Confederate flags removed from Alabama Capitol
Gov. Robert Bentley has ordered that the four confederate flags that have flown on the state Capitol grounds be taken down.
State workers removed the flags, which flew at each corner of an 88-foot-tall Alabama Confederate Monument beside the Alabama Capitol, Wednesday morning.
“It has become a distraction all over the country right now,” Bentley said. “Off and on, it has always been a distraction. In Alabama, this is part of our history and we need to honor that, but it’s offensive to some people because unfortunately it’s like the swastika. Some people have adopted that as part of their maybe hate-filled groups and that’s a shame.”
Bentley issued the order for the removal of the flags late Tuesday.
The decision has been met with both criticism and praise.
“I am proud that the governor took the flag down from the Capitol grounds. That flag is a symbol of white supremacy,” said Sen. Hank Sanders, who represents Butler County.
Bentley has said that his decision was influenced in part by the recent events in Charleston, S.C. A 21-year-old white man gunned down nine people at a historic African American church.
Authorities have said the shooting was a hate crime and it is believed that the shooter, Dylann Roof, may have been linked to a white supremacist group. There are images that show Roof holding the Confederate battle flag.
Many argue that is not reason enough to remove the flags from the Alabama Capitol grounds.
Betty Dantzler acknowledged that the flag has been used as a symbol or racism, but feels it should remain on the Capitol grounds because the Confederacy is a part of the state’s history.
“I realize that some people have used it before as a symbol of racism and no it is not right, but … this is a heart issue,” she posted on the Greenville Advocate Facebook page. “Some people just have an evil spirit. The devil is real and he will control those who allow him in, and they will do evil in the name of ‘racism’ to start wars and rumors of wars. The flag is a symbol of southern heritage — that’s it. Saying that taking the flag down so it doesn’t offend people will do as much good as standing and watching a child be beaten and not saying anything because you’re afraid to offend anyone by getting into their business.”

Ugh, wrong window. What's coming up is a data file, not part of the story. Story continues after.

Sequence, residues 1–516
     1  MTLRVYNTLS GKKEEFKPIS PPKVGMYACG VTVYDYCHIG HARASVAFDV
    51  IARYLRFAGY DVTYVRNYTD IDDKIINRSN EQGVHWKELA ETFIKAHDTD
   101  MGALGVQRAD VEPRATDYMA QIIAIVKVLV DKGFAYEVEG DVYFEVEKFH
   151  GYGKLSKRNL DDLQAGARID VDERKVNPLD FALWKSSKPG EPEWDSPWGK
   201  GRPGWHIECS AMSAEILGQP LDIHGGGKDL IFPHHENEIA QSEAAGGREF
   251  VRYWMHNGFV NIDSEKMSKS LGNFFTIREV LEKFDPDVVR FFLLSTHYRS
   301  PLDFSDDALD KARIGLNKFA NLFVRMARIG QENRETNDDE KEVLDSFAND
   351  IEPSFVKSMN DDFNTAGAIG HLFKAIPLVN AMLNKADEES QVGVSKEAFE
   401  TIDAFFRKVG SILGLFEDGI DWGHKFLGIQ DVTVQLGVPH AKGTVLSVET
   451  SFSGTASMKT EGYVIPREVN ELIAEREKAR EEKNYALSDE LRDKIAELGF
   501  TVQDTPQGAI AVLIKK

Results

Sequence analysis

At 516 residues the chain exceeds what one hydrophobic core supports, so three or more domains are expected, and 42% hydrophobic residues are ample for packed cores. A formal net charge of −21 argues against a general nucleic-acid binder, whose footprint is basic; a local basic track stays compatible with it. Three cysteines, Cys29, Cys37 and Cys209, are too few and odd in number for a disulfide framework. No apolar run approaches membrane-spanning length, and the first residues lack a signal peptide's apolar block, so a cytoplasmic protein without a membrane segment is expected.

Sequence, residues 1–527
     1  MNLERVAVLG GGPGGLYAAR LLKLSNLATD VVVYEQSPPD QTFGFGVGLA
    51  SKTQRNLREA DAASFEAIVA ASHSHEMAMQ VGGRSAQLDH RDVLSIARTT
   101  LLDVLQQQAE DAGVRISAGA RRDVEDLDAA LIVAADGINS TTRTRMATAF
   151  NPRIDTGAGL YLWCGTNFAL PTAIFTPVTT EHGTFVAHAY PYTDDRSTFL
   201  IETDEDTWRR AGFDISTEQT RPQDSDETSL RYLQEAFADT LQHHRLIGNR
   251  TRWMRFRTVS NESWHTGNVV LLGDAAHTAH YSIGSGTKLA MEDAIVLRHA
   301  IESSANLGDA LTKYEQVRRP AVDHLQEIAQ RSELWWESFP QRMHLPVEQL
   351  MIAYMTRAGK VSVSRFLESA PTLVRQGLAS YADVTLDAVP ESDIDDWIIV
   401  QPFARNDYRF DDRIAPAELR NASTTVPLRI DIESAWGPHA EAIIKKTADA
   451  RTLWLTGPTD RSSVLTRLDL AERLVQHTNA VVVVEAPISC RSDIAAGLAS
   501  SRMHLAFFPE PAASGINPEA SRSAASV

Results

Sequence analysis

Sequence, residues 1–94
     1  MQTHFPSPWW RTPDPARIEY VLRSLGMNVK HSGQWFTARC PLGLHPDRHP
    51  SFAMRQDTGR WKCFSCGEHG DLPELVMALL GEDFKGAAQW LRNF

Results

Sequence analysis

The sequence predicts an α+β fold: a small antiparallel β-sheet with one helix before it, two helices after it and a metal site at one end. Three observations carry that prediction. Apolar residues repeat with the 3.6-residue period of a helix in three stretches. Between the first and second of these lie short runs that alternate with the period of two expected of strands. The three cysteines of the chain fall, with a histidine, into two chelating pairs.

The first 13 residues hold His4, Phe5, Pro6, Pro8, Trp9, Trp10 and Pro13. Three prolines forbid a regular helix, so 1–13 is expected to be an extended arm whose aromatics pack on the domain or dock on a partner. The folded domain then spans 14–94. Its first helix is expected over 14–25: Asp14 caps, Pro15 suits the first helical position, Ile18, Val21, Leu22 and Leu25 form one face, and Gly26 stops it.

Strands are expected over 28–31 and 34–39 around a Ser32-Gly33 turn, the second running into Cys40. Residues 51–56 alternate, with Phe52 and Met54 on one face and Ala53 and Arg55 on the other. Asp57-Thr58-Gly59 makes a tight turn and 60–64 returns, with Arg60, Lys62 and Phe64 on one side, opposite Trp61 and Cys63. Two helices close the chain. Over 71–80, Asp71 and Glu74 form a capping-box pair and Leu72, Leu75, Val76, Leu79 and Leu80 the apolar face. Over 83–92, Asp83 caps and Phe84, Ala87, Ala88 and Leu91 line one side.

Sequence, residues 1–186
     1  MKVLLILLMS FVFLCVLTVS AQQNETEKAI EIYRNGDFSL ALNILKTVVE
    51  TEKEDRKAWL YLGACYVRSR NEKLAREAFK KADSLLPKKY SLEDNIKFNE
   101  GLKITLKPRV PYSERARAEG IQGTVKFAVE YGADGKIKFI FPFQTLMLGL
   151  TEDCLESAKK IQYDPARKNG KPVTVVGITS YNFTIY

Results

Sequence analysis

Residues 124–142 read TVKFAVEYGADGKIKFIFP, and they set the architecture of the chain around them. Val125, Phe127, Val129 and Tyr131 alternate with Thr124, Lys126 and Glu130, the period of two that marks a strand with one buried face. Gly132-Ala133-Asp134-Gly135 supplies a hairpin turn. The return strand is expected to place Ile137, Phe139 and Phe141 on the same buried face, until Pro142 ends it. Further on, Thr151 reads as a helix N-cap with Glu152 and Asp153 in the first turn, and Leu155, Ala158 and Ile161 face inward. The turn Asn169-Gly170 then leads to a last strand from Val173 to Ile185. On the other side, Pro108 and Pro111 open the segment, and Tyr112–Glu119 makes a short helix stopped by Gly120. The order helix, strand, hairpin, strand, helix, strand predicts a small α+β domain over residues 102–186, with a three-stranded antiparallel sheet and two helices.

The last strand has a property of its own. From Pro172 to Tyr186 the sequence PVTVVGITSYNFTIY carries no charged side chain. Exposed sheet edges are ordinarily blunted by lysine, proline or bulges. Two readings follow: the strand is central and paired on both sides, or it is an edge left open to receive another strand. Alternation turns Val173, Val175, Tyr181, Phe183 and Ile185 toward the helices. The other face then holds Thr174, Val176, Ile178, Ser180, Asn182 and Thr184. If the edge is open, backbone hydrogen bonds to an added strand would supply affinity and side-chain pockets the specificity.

Catherine Earley Odom Darnell said removing the flags isn’t going to change history.
“This is part of history,” she posted on the Greenville Advocate Facebook page. “Are they going to change the history books to keep people from ‘dwelling’ on things that will cause them to kill? The shooting at the church was terrible, but we need to place the blame where it is due and not on history and the flag.”
South Carolina Gov. Nikki Haley has also called for the removal of the Confederate flag from the grounds of the South Carolina state Capitol.
“The murderer, now locked up in Charleston, said he hoped his actions would start a race war. We have an opportunity to show that not only was he wrong, but that just the opposite is happening,” Haley said. “My hope is that by removing a symbol that divides us, we can move our state forward in harmony, and we can honor the nine blessed souls who are now in heaven.”
The Confederate flag used to fly over the Alabama Capitol following a 1963 order from former Gov. George C. Wallace during a fight with the federal government over ending school segregation. It was removed in the early 1990s.
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